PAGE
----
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This Day In History
The Diet of Worms begins, lasting until May 25.
Henry VIII dies. His nine year old son, Edward VI becomes King, and the first Protestant ruler of England.1754
Horace Walpole coins the word serendipity in a letter to Horace Mann.
Pride and Prejudice is first published in the United Kingdom.
In a snowstorm at Fort Keogh, Montana, the world's largest snowflakes are reported, 15 inches (38 cm) wide and 8 inches (20 cm) thick.
Walter Arnold of East Peckham, Kent became the first person to be convicted of speeding. He is fined 1 shilling, plus costs, for speeding at 8 mph, thus exceeding the contemporary speed limit of 2 mph.
The Carnegie Institution of Washington is founded in Washington, D.C. with a $10 million gift from Andrew Carnegie.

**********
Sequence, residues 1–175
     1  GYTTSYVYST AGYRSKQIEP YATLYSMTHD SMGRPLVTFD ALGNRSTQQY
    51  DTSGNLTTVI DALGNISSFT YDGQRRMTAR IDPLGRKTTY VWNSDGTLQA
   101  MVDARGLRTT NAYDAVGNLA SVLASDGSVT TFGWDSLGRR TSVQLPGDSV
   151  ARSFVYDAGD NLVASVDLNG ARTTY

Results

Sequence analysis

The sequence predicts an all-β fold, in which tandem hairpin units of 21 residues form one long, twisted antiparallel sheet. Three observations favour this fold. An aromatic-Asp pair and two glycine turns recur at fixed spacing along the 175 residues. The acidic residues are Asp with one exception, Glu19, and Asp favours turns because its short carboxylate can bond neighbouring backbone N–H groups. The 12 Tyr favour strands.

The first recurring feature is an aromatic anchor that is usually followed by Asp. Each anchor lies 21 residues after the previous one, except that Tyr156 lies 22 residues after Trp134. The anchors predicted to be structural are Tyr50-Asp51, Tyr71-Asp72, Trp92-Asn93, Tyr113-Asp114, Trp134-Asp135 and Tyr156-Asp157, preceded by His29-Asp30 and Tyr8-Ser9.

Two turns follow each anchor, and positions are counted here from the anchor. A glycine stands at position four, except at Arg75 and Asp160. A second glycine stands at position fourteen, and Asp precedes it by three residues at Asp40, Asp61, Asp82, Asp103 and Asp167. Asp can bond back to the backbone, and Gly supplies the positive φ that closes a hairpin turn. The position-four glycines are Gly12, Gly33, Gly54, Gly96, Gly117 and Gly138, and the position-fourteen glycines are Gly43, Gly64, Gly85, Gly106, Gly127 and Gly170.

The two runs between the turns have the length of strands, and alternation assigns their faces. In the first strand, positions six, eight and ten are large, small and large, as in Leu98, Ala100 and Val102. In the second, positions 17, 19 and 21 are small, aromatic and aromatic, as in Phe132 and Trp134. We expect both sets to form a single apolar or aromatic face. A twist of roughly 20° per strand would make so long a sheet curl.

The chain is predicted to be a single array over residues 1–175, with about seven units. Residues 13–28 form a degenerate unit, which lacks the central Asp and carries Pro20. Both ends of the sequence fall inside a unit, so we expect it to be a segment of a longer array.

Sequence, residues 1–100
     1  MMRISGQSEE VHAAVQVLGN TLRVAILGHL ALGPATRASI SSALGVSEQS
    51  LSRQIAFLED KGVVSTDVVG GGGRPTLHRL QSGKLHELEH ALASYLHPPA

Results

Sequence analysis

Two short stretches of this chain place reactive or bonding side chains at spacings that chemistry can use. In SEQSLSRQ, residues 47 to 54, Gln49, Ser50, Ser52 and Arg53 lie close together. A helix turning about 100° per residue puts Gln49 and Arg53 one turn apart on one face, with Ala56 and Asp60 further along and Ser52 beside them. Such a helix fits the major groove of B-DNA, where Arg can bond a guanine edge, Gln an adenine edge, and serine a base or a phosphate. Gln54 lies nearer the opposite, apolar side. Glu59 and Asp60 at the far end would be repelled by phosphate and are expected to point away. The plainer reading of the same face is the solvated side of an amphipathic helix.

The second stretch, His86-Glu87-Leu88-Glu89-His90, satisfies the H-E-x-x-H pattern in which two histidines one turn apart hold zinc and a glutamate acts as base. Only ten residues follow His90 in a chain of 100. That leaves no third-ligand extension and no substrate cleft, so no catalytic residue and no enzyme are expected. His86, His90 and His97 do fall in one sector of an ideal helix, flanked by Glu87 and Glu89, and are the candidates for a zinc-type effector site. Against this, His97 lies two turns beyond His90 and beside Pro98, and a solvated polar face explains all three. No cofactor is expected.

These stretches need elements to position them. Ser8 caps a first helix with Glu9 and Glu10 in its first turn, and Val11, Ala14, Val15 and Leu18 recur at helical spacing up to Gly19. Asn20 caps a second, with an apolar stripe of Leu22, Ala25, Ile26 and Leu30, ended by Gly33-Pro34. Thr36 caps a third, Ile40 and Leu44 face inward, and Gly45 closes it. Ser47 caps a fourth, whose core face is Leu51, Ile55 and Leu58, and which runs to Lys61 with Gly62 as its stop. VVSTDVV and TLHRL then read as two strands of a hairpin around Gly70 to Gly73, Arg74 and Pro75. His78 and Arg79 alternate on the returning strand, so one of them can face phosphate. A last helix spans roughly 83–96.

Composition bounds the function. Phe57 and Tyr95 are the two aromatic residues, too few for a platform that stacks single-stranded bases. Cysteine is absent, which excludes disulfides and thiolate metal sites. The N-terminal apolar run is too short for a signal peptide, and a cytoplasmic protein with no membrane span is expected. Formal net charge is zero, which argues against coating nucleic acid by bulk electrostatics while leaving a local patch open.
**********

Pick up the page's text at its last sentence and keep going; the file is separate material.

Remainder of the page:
An act of the U.S. Congress creates the United States Coast Guard.
The first ski tow in the United States begins operation in Vermont.
The Lego company patents the design of its Lego bricks, still compatible with bricks produced today.
Space Shuttle program: STS-51-L mission – Space Shuttle Challenger breaks apart after liftoff killing all seven astronauts on board.
Saint Thomas Aquinas (d. 1274)
Johannes Hevelius, Polish-born astronomer (d. 1687)
Charles George 'Chinese' Gordon, British soldier and administrator (d. 1885)
Henry Morton Stanley, Welsh-born explorer and journalist (d. 1904)
Charles W. Nash, American automobile entrepreneur (d. 1948)
Auguste Piccard, Swiss physicist (d. 1962)
Arthur Rubinstein, Polish pianist (d. 1982)
Robert Stroud, American convict, the Birdman of Alcatraz (d. 1963)
Jackson Pollock, American Expressionist painter
Francis Gabreski, American fighter pilot (d. 2002)
Alan Alda, American actor, writer, and director
Nicolas Sarkozy, President of France
Megan McDonald, American children's literature author
Elijah Wood, American actor